|dc.description.abstract||The Karkloof blue butt erfly, Orachrysops ariadne (Butler), is endemic to the
Mistbelt grassland of KwaZulu-Natal province, South Africa, and is currently
Red-listed as 'Vulnerable' . O. ariadne is univoltine and on the wing in March and April, when it utilizes eight species of nectar plants. This study confirmed that the
larval hostplant is Indigofera woodii H. Bol. var. laxa H. Bol., an erect variety. It was
also confirmed that this butterfly is ant-dependent, with the young larva being taken
into the nest of Camponotus natalensis (F. Smith) where development continues, including pupation.
This study compares the ecological conditions at the four known locations so as to
make informed decision s regarding its conservation. A large proportion of the
grassland in KwaZulu-Natal has been aforested and cultivated, and at least 92% of the
Mistbelt has been transformed, with only about 1% in good condition remaining.
Predictions on the habitat and habit at requirements of this species are necessary for
developing a conservation strategy and action plan. Here , we propose O. ariadne as
an indicator species for Mistbelt grass land. Saving enough of the remaining Mistbelt
grassland is crucial, not just for the survival of the Karkloof blue, O. ariadne, but also
for the Mistbelt grassland community as a whole.
The population structure and movement of Orachrysops ariadne and O. subravus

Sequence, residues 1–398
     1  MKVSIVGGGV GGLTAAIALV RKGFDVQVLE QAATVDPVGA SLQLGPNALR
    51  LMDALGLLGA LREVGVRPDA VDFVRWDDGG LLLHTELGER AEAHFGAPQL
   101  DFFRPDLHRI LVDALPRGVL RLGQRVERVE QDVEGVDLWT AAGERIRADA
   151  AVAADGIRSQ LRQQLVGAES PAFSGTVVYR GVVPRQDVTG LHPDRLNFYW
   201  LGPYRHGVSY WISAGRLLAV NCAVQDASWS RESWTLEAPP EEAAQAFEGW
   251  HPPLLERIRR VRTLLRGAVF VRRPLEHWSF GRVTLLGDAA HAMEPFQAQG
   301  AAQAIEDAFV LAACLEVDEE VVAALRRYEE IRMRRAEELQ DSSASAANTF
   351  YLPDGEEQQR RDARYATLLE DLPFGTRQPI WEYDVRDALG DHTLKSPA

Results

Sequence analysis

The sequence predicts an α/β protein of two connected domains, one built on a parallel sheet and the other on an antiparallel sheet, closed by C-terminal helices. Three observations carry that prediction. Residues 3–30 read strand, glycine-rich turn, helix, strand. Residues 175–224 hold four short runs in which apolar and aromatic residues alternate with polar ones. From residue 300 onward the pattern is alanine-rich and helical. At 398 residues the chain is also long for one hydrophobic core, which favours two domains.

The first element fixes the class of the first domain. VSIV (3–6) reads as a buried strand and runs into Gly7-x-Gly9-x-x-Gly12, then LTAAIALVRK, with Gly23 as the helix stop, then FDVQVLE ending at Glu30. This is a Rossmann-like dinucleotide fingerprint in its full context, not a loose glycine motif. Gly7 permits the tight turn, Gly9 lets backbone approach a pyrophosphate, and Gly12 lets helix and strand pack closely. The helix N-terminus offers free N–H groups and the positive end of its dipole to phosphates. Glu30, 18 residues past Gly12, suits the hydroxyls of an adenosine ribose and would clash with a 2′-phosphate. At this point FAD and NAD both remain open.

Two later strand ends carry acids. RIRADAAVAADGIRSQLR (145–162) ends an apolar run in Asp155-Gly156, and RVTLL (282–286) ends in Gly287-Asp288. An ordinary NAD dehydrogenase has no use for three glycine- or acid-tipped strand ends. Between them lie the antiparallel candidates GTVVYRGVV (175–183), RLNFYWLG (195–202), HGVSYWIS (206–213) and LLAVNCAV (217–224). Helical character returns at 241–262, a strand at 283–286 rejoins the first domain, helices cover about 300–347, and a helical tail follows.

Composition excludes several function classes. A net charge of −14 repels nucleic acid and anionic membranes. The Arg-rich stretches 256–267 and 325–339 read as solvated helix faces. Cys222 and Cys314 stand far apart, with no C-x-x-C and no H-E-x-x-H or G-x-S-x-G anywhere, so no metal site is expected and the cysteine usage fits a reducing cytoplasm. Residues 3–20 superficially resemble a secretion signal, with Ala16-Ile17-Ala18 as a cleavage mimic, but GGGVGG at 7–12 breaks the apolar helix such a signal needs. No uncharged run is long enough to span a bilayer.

were studied by mark-release-recapture methods in 1999. There were 290 O. ariadne
marked over 48 days between March and April, 124 (42 .8%) were recaptured at least
once. Of 631 O. subravus marked over two months between September and
November, 311 (49 .3%) were recaptured at least once. Both species exhibited
protandry, male appearance about one to two weeks earlier. The sex ratio of O.
ariadne is heavily male biased 5.6 :1 (246 males and 44 females), and the sex ratio of
O. subravus is 1.6:1 (387 males and 244 females). The Jolly-Seber model was used to estimate daily population numbers (N ᵢ), survival rates (Ø ᵢ), recruitment rates (B ᵢ),
proportion of marked animals in the total population (α ᵢ ), and the number of marked
animals at risk (M ᵢ) . Average residence times of male adults were generally similar in
both species in the range of 5.36-5.44 days, and were slightly longer for male than for
female O. subravus (by 4.09 days). 0. ariadne is a strong and rapid back and forth
flier, covering mean recapture distances of 157 m, almost twice that of 0. subravus,
principally in search of scarce nectar sources. The extreme rarity of 0. ariadne is not
so much to do with behaviour, survivorship or longevity, but rather the butterfly is
limited in distribution by suitable habitat for both larva and adult.
The aim of management is to optimize the habitat so that it best meets the present
and future needs of the butterfly. The effects of the current fire regime on the butterfly,
host plant and ant host were evaluated here. It is recommended that burning only take
place after the larvae have hatch ed and gone underground with the ant host. Using
GPS and GIS, core, quality habitat characteristics were defined. In cooperation with
the landowner at one site, alien invasive plants are being removed to increase the area
of quality habitat. Availability of host plants is limiting for success of the butterfly in
the field. Guidelines are provided for propagation and introduction of the host plant, so as to provide the butterfly with more oviposition sites.||en